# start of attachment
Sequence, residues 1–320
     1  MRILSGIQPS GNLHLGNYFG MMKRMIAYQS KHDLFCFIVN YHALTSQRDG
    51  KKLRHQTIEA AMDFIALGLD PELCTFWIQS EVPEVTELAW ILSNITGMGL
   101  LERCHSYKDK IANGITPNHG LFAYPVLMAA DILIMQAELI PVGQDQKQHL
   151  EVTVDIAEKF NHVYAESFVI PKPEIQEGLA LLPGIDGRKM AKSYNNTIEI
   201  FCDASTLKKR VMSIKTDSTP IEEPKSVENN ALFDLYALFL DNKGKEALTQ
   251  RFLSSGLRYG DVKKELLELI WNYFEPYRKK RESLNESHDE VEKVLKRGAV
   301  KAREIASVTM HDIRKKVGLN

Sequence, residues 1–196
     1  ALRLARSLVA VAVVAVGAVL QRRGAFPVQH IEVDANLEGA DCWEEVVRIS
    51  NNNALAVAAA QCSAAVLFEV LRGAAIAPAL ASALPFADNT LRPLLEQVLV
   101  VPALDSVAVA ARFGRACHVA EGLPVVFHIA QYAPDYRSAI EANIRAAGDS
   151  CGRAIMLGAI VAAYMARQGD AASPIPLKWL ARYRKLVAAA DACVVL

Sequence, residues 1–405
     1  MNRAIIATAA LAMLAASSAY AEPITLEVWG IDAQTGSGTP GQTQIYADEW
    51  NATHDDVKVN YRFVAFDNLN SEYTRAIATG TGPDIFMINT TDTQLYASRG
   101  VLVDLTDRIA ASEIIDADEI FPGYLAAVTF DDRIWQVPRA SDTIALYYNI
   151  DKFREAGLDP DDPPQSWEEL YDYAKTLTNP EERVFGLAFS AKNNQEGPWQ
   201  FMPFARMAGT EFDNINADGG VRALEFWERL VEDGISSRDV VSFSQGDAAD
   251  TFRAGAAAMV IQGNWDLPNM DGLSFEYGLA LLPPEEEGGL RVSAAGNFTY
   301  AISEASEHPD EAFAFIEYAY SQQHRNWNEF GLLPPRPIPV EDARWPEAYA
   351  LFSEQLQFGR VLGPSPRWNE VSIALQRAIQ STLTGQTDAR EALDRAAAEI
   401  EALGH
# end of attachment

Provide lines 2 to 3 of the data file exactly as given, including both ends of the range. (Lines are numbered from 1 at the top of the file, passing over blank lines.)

     1  MRILSGIQPS GNLHLGNYFG MMKRMIAYQS KHDLFCFIVN YHALTSQRDG
    51  KKLRHQTIEA AMDFIALGLD PELCTFWIQS EVPEVTELAW ILSNITGMGL